8 ) “Last year I wrote good bye letters to all of my family members. If I’d have left it even until now I think I wouldn’t have been able to write as clearly as I did. I can’t remember what I said in them, but I know that I was quite satisfied with what I’d written at the time.”

9) “We went to Spain once with another couple, though I certainly wouldn’t have done that if my wife hadn’t been alive.”

Language as timeline


How can I prove that the perfect tense indicates a relation between the present and the past? Using Reichenbach’s system of temporality in language (from Experience and prediction [1938]), we use language to relay three points of time that are relevant to a normal statement:

· Speech Time (S): the time the statement was spoken or written

· Reference Time (R): the time on which we focus

· Event Time (E):the time at which the event took place

If we imagine these points on a timeline, which tense and aspect are used depends on the relation between S,R, and E.

So let’s consider the following statement:

6) “I was sick when I was eight, and that’s continued all my life.”

In every case, we understand S to be the moment of the interview; R, the time on which we focus, is the patient’s lifespan since age six; and E, the time the event took place, began when the patient was six, but has continued to S (the time of the interview.) On a timeline, we can represent this relation as follows (where the dotted line represents that the time the event took place is the patient’s lifespan since age six.)

– – – – – – – – – – – – – – – – – – – – – – – S


Age six                                Time of interview

As you can see, the present perfect aspect creates a relation between the past and the present.


To contrast this, though, here’s an example of the less common past perfect aspect:

7) “We’d planned to have many, many more trips . . . unfortunately we’re not able to now.

We don’t have any set dates here, but we do know that at some point in the past plans were made to travel but were interrupted by a terminal illness. Again, S is the moment of the interview; yet this time R, the time on which we focus, is the implied interruption of “many, many, more [trips];” and E, is the past instance of planning those trips—pre-diagnosis.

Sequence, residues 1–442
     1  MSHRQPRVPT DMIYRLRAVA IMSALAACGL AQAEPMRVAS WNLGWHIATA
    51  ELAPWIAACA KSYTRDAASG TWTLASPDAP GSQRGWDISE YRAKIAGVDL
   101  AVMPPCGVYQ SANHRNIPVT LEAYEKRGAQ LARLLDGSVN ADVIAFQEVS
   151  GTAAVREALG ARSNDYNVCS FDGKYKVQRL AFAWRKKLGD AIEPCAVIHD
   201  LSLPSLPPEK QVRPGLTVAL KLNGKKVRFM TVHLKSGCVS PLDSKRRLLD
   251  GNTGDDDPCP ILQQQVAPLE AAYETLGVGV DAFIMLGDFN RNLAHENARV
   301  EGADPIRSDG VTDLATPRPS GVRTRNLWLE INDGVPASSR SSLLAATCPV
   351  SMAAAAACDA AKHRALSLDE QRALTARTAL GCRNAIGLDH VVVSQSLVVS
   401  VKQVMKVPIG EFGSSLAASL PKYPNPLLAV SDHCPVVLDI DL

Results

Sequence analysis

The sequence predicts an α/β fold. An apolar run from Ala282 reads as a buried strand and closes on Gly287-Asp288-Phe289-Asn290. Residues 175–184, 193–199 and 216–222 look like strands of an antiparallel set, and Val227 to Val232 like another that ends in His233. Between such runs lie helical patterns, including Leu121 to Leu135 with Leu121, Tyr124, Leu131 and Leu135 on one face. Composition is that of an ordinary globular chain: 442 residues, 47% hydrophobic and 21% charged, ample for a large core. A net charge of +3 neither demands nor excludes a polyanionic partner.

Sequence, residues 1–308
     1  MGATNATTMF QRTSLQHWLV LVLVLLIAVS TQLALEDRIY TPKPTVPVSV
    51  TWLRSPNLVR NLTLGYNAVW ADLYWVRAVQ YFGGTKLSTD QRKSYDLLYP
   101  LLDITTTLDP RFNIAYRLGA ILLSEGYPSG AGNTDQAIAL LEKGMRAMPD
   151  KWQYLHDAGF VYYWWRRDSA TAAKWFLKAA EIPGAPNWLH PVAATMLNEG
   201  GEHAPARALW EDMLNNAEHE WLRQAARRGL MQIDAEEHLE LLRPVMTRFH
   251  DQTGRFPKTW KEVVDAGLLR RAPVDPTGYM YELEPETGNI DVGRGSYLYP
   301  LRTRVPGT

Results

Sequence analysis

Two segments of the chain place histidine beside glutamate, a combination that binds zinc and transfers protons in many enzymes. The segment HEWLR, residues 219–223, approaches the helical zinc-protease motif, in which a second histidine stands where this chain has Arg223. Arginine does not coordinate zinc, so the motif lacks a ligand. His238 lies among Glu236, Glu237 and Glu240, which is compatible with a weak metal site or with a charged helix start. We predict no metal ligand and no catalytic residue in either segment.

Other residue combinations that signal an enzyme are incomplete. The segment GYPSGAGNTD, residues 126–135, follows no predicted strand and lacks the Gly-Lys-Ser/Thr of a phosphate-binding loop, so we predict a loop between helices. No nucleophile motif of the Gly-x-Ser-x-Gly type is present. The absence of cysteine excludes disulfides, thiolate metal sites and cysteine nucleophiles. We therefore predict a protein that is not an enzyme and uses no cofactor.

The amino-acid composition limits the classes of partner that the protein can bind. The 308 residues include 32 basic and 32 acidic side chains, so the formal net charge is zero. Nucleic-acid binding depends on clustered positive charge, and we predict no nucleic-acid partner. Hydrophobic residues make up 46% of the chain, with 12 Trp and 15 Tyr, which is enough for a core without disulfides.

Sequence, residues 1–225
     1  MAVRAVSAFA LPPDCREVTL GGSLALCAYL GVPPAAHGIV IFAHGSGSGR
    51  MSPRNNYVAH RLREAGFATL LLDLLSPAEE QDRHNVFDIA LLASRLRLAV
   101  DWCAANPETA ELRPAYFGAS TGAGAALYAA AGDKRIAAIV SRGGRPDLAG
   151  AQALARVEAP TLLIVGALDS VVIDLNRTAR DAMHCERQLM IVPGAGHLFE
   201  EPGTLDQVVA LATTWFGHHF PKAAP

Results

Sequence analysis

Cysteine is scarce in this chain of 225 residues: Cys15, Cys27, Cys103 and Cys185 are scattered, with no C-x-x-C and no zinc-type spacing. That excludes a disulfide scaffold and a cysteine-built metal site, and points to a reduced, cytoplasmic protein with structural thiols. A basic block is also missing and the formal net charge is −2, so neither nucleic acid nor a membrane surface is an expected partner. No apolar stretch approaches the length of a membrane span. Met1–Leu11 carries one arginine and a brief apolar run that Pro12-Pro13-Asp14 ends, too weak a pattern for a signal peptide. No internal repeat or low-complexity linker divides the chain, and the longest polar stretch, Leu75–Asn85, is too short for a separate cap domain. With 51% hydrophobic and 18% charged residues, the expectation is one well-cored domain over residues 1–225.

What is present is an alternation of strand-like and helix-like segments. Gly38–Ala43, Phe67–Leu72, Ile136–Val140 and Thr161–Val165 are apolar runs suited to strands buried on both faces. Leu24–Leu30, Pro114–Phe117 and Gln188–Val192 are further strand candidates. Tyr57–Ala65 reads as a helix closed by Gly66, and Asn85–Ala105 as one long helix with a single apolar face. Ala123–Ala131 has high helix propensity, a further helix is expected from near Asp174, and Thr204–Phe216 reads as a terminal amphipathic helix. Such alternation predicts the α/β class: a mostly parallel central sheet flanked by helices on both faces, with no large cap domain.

Planning        Interruption        Time of interview

Perfect aspect is a way of indicating the relation between the focus point (R) and the time at which an event took place (E). Tense, on the other hand, is a way of indicating the relation between the focus point (R) and speech time (S): in the first sentence, R and S coincide and we get the present tense; in the second sentence, R precedes S and we get the past tense.

For an event that happened in the past, if we use the perfect aspect, we are focusing not on the time of the event, but on some later time, for instance “now” or “the moment of terminal diagnosis.” Hence, the perfect aspect is used when we want to indicate the importance of an event for what is going on now. And therefore, patients use the perfect aspect to connect moments from their past on a timeline between the moment of their terminal diagnosis (past perfect) or the present moment of the dignity interview (present perfect.)